The Road Haulage Association (RHA) has reported that progress is being made by Department for Transport officials seeking road transport agreements with Eastern European non-EU states, to help ensure ease of access for UK operators after Brexit.
While the agreements being negotiated cover access rights for hauliers to the countries themselves, they don’t include access rights through intervening states, such as EU members.
An agreement is now in place with Serbia, the RHA reports, meaning that permits are not required for freight transport between the UK and Serbia, including transit journeys to or from a third state.
For Ukraine, the existing agreement will be amended, and permits will no longer be required for journeys involving trucks with Euro 5 or 6 engines.
Agreements have also been signed with Belarus and Kazakhstan, and “processes to give legal effect to the existing informal agreements will be completed shortly”. Permits will still be required for journeys between the UK and these countries.
DfT has also recently reached agreement with Bosnia & Herzegovina, Kosovo and Montenegro, says the RHA, on a permit-free basis. These have not been signed formally, but drafting is substantially completed.
The RHA also reminded international hauliers to ensure that they have European Operator Registration Identifier (EORI) numbers, in preparation for a no-deal Brexit scenario.
“It takes around ten minutes to apply and is absolutely critical to ensure that you can continue to import or export goods from/to the EU once we have left on 1 November 2019,” warned the association.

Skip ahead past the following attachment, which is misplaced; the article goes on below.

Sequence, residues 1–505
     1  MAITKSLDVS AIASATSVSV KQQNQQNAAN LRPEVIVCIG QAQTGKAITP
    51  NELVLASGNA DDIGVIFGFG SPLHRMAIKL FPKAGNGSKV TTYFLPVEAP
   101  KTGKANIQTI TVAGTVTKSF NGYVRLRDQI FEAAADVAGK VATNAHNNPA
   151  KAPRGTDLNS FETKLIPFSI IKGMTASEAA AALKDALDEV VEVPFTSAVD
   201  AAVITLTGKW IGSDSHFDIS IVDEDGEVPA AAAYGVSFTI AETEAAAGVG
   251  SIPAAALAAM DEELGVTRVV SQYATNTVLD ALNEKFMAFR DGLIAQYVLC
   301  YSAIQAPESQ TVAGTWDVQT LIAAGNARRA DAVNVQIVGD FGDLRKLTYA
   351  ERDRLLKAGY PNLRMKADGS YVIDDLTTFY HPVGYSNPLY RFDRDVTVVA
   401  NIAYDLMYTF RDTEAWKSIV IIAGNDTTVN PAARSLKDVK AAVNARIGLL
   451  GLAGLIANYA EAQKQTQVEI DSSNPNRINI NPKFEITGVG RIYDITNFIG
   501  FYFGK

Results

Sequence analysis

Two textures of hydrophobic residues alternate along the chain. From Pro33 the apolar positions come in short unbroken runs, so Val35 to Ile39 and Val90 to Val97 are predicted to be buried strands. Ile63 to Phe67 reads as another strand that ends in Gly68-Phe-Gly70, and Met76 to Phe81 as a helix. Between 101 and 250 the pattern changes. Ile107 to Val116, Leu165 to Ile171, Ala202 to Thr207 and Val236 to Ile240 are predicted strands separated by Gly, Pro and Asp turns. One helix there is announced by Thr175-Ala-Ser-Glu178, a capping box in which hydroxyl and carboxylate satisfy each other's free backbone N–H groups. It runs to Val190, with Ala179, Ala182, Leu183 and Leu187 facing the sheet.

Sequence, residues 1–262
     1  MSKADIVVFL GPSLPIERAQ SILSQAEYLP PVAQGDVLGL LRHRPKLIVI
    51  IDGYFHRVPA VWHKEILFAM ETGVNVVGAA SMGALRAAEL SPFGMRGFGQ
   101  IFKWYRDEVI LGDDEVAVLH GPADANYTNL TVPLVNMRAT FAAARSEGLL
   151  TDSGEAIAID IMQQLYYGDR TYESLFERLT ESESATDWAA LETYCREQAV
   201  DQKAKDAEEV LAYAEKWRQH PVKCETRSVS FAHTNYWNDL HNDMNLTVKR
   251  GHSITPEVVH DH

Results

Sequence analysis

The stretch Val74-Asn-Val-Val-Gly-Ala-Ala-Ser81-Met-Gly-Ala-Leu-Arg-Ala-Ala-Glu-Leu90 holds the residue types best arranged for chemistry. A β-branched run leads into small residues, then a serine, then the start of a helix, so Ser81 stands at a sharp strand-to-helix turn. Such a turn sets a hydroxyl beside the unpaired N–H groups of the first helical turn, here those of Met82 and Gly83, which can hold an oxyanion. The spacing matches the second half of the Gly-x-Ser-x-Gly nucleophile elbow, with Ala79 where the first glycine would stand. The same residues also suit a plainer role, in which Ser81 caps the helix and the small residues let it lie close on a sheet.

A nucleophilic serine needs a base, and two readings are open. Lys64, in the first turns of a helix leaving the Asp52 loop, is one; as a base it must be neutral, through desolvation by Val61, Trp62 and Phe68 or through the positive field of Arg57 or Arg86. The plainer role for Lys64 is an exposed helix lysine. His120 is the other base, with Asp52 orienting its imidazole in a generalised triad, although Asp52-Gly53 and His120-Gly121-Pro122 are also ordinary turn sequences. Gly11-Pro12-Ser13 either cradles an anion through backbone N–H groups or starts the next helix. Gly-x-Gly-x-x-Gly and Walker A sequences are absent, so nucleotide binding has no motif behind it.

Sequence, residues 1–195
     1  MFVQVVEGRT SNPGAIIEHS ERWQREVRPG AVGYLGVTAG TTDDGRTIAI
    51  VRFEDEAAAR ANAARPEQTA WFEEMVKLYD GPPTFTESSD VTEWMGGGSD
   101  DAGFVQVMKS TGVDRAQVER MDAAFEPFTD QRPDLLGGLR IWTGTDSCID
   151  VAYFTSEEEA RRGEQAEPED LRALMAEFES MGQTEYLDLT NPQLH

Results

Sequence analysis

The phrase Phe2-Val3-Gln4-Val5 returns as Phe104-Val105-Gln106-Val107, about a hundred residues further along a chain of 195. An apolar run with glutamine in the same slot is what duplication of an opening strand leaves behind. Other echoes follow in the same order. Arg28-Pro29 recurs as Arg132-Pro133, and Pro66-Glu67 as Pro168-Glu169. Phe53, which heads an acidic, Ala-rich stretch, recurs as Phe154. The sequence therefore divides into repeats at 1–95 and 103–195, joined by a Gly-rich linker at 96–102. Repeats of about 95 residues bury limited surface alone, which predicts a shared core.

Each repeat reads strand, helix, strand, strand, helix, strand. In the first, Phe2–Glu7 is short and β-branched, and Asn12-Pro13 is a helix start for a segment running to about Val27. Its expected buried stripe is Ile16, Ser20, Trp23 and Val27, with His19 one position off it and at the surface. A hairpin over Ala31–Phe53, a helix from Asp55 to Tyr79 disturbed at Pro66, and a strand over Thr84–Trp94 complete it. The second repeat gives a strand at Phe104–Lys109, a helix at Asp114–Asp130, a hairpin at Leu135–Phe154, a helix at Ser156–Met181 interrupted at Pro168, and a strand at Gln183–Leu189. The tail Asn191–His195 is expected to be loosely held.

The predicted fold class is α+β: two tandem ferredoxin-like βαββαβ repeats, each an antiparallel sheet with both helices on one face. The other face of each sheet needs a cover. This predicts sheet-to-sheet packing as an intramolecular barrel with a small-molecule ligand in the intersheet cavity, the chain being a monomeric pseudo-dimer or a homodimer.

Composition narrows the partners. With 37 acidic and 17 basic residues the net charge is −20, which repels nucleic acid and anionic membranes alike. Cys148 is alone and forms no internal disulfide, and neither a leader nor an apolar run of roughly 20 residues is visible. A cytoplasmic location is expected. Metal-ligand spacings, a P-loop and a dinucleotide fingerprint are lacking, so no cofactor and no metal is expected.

Elsewhere, the Freight Transport Association (FTA) will contribute to ongoing government work to help identify arrangements that could replace the controversial Northern Ireland backstop, which has been a key obstacle in securing a Brexit agreement with Brussels.
The government’s Brexit department has selected FTA policy manager Seamus Leheny as a member of its Business & Trade Union Alternative Arrangements Advisory Group, which includes cross-sector representatives from Ireland, Northern Ireland and the rest of the UK.
“As the organisation representing the logistics sector, it is essential FTA’s voice is included in any major discussion on the UK’s departure from the EU,” said Seamus Leheny.
“So many businesses and individuals’ jobs are dependent on the continued free movement of goods cross the border in both directions, but the lack of progress shown by politicians in sorting future arrangements in Ireland are at the heart of the stagnation of Brexit talks.
“On any given day, more than 13,500 goods vehicles cross just six of the 300 border crossings in Ireland, with the majority of freight being intermediate goods that are an integral part of all-island supply chains.
“My role in this group will be to work to preserve seamless business links between Northern Ireland and EU27 countries, especially the Republic of Ireland, in any Brexit negotiation and protect the interests of those organisations that we represent, as well as the wider Northern Irish economy.”